Stromal transdifferentiation drives lipomatosis and induces extensive vascular remodeling in the aging human lymph node

J Pathol. 2023 Mar;259(3):236-253. doi: 10.1002/path.6030. Epub 2022 Dec 21.


Lymph node (LN) lipomatosis is a common but rarely discussed phenomenon associated with aging that involves a gradual exchange of the LN parenchyma into adipose tissue. The mechanisms behind these changes and the effects on the LN are unknown. We show that LN lipomatosis starts in the medullary regions of the human LN and link the initiation of lipomatosis to transdifferentiation of LN fibroblasts into adipocytes. The latter is associated with a downregulation of lymphotoxin beta expression. We also show that isolated medullary and CD34+ fibroblasts, in contrast to the reticular cells of the T-cell zone, display an inherently higher sensitivity for adipogenesis. Progression of lipomatosis leads to a gradual loss of the medullary lymphatic network, but at later stages, collecting-like lymphatic vessels are found inside the adipose tissue. The stromal dysregulation includes a dramatic remodeling and dilation of the high endothelial venules associated with reduced density of naïve T-cells. Abnormal clustering of plasma cells is also observed. Thus, LN lipomatosis causes widespread stromal dysfunction with consequences for the immune contexture of the human LN. Our data warrant an increased awareness of LN lipomatosis as a factor contributing to decreased immune functions in the elderly and in disease. © 2022 The Authors. The Journal of Pathology published by John Wiley & Sons Ltd on behalf of The Pathological Society of Great Britain and Ireland.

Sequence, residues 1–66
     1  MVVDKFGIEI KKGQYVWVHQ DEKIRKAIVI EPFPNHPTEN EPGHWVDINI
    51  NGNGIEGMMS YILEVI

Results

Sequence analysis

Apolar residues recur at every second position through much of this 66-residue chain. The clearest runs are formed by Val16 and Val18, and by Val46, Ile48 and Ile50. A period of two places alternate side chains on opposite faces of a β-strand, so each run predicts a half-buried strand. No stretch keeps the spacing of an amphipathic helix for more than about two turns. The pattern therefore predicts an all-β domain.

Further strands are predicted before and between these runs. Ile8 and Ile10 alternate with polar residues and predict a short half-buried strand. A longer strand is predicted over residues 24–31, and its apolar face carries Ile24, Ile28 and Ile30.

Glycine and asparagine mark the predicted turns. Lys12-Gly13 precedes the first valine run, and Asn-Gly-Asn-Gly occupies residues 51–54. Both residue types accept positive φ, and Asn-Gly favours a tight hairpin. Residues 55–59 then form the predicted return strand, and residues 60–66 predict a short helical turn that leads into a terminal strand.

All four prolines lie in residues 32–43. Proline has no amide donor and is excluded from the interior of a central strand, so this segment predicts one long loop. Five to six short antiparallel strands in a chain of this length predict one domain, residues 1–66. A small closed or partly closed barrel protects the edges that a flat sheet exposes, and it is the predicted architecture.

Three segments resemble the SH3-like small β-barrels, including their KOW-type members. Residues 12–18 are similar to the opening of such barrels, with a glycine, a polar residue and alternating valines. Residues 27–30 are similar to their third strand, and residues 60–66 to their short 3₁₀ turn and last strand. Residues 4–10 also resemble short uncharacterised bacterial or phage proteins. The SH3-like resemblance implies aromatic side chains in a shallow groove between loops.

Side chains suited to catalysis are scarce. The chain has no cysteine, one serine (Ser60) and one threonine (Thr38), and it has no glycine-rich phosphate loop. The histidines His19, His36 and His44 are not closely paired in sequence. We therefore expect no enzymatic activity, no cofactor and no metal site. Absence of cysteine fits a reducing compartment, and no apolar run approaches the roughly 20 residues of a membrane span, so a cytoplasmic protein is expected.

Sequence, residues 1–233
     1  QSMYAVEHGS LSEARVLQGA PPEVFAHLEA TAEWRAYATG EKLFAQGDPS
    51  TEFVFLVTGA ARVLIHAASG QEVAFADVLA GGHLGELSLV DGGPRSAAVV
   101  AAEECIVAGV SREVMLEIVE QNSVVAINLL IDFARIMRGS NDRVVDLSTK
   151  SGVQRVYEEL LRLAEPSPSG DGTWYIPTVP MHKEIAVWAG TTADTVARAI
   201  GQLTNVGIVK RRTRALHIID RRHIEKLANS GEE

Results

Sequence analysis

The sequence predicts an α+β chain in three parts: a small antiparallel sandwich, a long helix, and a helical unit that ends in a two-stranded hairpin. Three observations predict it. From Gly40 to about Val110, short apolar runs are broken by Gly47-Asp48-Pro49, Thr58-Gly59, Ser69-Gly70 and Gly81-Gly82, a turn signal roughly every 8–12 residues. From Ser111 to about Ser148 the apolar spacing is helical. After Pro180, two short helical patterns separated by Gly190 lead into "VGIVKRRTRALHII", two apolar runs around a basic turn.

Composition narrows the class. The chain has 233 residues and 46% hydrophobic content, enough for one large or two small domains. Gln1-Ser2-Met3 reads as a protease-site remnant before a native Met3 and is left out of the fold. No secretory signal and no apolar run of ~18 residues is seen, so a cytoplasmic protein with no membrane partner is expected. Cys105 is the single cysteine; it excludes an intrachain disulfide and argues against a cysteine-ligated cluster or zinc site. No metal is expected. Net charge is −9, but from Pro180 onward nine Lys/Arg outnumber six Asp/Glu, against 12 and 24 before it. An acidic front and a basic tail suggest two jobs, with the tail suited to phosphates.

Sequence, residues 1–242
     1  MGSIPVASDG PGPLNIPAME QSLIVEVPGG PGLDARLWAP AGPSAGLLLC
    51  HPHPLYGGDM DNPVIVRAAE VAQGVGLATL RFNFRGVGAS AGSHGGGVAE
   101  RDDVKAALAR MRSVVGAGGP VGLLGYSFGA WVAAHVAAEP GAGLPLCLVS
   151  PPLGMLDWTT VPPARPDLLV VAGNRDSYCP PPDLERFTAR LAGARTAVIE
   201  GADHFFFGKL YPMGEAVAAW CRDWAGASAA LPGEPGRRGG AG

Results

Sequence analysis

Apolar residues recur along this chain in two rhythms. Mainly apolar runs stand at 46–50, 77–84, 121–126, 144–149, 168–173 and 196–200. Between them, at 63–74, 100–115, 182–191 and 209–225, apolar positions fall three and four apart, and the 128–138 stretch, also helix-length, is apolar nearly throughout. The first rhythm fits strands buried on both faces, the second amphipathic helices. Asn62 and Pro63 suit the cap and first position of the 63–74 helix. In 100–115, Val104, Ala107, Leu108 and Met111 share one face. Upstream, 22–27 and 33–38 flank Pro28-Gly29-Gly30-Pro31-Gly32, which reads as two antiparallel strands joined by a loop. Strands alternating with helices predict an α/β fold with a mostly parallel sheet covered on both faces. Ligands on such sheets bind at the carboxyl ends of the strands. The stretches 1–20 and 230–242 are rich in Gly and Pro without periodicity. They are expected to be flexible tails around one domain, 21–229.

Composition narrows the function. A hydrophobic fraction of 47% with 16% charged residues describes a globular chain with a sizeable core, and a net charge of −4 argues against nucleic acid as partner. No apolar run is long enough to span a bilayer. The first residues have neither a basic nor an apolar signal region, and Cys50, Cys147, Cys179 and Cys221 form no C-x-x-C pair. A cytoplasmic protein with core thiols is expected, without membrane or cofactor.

Keywords: adipocytes; aging; fibroblasts; high endothelial venules (HEVs); lipomatosis; lymph node; medullary reticular cells (MedRCs); medullary sinuses; stromal remodeling.

Publication types

  • Research Support, Non-U.S. Gov't

MeSH terms

  • Aged
  • Aging
  • Cell Transdifferentiation*
  • Humans
  • Lipomatosis* / metabolism
  • Lipomatosis* / pathology
  • Lymph Nodes / pathology
  • Vascular Remodeling